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Personal care


Grooming and dressing

Daily tasks like showering, shaving and brushing your teeth make you feel good. Here are some assistive devices that can help you perform these tasks safely on your own.

Bathing or showering
  • special bath or shower chair or bench
  • hand-held shower head
  • tap handle extenders
  • grab bars
  • non-slip surfaces, such as rubber mats or appliqués to roughen a smooth surface
  • soap on a rope or liquid soap in a pump bottle
  • long-handled brush
  • face cloth made into a mitt
  • terry cloth robe instead of a towel
Dental care
  • built up toothbrush handle that is easier to hold
  • electric toothbrush
  • flip cap toothpaste instead of a screw top or a pump top
  • floss picks instead of dental floss
  • brush on a suction cup for dentures
Shaving
  • electric shaver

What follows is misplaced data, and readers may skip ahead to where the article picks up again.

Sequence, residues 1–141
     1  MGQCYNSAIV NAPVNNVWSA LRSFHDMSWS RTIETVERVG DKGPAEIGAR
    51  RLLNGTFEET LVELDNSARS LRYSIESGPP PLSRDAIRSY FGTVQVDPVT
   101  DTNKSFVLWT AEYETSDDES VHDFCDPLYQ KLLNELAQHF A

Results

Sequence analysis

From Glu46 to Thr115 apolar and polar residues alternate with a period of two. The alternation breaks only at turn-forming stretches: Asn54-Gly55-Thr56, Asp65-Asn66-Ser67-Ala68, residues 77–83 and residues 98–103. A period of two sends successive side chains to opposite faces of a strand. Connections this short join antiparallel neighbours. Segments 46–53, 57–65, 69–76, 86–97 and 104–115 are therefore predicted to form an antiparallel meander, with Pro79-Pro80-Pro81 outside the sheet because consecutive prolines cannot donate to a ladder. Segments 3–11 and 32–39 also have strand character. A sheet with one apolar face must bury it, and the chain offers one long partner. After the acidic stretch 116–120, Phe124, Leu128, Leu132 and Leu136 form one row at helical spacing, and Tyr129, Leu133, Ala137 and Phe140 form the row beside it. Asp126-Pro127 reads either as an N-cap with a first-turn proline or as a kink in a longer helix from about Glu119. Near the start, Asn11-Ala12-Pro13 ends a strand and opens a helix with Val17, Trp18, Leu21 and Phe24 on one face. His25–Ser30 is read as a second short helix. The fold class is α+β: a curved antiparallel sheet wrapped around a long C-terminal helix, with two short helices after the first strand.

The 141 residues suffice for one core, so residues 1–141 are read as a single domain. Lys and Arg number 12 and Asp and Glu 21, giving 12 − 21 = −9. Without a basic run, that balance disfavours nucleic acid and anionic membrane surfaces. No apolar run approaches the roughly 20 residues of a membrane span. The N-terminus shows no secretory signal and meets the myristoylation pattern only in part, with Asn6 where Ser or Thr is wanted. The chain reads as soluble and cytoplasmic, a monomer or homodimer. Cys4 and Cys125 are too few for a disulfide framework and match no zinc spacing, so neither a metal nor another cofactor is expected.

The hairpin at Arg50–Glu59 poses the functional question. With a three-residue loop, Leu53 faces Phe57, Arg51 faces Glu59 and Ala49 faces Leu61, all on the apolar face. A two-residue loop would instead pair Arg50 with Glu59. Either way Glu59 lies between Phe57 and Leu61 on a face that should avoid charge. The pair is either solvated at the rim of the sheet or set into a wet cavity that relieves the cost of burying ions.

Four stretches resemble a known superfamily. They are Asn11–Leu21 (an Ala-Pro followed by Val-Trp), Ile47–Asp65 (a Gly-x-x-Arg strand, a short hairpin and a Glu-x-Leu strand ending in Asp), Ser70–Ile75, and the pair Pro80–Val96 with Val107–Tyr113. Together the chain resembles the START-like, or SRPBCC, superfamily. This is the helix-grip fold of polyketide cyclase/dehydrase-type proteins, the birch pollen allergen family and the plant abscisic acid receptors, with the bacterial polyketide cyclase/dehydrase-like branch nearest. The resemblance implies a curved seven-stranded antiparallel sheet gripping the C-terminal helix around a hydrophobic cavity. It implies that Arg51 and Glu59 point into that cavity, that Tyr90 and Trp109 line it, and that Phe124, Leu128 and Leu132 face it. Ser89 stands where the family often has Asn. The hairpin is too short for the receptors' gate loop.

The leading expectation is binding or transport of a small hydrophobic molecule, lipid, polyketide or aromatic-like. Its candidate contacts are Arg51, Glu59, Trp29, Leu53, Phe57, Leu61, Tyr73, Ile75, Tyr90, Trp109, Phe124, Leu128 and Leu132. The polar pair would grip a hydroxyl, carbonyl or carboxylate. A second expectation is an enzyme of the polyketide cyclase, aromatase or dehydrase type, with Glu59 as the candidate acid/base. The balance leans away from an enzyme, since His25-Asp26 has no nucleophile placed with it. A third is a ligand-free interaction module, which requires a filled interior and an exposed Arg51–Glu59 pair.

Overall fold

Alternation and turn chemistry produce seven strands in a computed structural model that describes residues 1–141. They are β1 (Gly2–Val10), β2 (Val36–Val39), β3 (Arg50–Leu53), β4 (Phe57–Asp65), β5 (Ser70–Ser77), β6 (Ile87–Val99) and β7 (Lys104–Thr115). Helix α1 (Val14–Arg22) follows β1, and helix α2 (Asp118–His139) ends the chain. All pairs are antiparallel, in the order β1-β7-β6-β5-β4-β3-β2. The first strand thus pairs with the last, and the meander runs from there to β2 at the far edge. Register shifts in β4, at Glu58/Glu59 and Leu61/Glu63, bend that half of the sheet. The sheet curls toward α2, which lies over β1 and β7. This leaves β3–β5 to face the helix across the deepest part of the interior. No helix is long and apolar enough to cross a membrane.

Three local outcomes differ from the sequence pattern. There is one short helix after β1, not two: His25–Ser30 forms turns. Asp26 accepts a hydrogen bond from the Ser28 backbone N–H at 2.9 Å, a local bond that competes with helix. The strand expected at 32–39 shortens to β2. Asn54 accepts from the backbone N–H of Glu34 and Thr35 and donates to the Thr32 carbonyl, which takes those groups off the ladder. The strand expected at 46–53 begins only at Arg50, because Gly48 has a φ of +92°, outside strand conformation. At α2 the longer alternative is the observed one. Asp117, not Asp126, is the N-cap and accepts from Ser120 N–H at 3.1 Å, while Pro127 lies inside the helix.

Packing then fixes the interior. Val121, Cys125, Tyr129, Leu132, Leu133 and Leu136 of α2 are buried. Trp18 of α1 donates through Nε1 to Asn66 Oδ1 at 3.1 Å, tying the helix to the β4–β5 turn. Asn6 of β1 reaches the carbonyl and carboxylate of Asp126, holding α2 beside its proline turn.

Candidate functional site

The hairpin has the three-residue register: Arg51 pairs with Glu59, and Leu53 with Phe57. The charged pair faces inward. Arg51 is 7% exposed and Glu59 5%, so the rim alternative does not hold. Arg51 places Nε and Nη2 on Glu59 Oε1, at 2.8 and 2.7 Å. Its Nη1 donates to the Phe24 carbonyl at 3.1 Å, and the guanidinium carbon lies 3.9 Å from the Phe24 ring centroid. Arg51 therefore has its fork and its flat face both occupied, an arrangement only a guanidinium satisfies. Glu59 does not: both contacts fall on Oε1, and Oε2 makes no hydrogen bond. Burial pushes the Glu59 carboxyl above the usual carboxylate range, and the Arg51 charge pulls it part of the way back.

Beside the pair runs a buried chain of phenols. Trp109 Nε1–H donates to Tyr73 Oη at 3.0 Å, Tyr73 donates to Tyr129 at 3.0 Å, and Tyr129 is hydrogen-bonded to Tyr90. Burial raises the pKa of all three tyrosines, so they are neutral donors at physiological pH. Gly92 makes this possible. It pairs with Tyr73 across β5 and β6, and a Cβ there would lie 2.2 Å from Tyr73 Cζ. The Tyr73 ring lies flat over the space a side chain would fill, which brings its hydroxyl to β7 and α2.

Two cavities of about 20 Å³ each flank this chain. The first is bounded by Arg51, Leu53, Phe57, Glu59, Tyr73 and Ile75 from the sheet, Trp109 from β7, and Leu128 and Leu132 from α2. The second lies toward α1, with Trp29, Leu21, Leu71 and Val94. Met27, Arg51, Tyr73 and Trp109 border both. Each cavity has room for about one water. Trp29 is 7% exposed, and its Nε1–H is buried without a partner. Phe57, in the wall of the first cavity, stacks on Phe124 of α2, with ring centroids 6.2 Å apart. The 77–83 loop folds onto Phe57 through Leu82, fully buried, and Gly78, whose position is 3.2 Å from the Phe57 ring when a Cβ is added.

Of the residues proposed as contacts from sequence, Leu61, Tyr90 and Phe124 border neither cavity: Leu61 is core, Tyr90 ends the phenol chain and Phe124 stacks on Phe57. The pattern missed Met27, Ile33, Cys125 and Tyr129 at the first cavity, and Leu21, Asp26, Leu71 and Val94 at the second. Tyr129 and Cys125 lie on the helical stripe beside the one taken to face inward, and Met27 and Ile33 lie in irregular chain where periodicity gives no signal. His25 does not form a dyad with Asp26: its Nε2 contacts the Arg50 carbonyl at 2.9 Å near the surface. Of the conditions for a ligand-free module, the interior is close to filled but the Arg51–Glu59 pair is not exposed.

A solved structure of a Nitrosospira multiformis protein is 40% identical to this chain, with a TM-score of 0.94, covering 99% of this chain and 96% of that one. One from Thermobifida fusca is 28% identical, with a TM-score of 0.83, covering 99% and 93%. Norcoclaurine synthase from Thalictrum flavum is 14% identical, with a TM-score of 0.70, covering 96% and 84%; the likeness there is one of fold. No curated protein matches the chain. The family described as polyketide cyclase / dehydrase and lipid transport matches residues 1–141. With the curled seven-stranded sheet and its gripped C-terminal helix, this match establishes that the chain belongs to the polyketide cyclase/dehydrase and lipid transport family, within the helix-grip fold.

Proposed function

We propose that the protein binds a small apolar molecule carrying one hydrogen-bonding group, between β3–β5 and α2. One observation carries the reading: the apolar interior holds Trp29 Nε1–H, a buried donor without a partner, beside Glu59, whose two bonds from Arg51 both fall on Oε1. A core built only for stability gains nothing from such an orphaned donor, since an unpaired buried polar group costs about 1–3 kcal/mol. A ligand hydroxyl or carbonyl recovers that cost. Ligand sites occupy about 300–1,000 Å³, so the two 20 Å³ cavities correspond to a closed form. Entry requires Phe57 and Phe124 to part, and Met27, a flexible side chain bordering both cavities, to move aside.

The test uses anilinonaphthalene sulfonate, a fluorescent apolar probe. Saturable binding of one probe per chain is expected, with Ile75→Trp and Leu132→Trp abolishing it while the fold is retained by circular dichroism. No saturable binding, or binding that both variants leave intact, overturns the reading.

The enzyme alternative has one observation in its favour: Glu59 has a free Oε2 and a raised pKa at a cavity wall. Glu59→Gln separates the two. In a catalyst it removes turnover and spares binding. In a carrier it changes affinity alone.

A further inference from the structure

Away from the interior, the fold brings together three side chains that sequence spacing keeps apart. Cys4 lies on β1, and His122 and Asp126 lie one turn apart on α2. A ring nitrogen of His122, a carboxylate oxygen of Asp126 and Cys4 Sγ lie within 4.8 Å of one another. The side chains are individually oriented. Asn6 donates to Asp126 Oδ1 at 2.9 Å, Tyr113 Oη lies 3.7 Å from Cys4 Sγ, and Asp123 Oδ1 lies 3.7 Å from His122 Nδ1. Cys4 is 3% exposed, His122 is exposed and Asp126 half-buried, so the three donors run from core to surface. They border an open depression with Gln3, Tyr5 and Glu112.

• magnifying mirror
Nail care
  • nail brush on suction cup
  • one-handed nail clippers

Dressing
  • clothing with elastic waists and zippers or Velcro™ closings instead of buttons
  • button hook
  • front-closing bras
  • clip or key ring to help pull up zippers
  • suspenders instead of belts
  • clip-on ties and earrings
  • sock aid for pulling on socks
  • long-handled shoe horn

Dressing after stroke demonstration videos

If you have experienced physical impairments with your stroke, dressing may be more difficult. These videos demonstrate different methods of dressing and provide tips that will help. People living with stroke demonstrate each technique. An occupational therapist provided oversight.

Where to get support

Look for organizations and businesses in your community that provide services in your home, such as:

  • hairdressers and barbers
  • nail services and foot care
  • support in bathing

Your occupational therapist can help you:

  • decide which devices you need
  • get the devices you need
  • learn how to use them properly and safely
  • organize your bathroom to make it safe and accessible
Related information

To find useful services to help you with personal care and daily living, see our list of government and community agencies.

“Not all your friends will understand what you are going through and some will drift away. In fact quite a few of our current friends never knew us pre-stroke.”

Frank Lou’s care partner